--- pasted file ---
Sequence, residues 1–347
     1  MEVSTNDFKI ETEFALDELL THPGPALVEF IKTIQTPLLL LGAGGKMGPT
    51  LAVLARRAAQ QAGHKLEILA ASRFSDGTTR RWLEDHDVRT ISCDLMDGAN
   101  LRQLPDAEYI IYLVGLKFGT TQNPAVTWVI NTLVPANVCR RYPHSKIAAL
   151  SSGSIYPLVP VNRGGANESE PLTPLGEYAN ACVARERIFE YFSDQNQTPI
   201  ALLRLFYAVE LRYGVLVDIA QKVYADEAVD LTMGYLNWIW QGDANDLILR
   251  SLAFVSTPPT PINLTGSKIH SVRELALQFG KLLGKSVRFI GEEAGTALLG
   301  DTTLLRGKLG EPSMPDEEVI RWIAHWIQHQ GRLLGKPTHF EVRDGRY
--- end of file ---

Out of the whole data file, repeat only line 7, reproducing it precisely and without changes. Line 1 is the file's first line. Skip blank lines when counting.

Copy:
   251  SLAFVSTPPT PINLTGSKIH SVRELALQFG KLLGKSVRFI GEEAGTALLG